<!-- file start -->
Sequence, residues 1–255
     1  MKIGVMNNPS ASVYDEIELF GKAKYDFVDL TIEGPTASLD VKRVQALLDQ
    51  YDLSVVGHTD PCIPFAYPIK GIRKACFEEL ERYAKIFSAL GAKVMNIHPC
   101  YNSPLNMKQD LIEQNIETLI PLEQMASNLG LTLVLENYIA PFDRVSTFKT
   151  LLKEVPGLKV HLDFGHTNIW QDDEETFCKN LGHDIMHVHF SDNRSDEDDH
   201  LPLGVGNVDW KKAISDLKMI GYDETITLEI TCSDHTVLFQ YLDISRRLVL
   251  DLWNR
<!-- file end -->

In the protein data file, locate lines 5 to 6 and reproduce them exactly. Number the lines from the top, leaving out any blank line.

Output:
   151  LLKEVPGLKV HLDFGHTNIW QDDEETFCKN LGHDIMHVHF SDNRSDEDDH
   201  LPLGVGNVDW KKAISDLKMI GYDETITLEI TCSDHTVLFQ YLDISRRLVL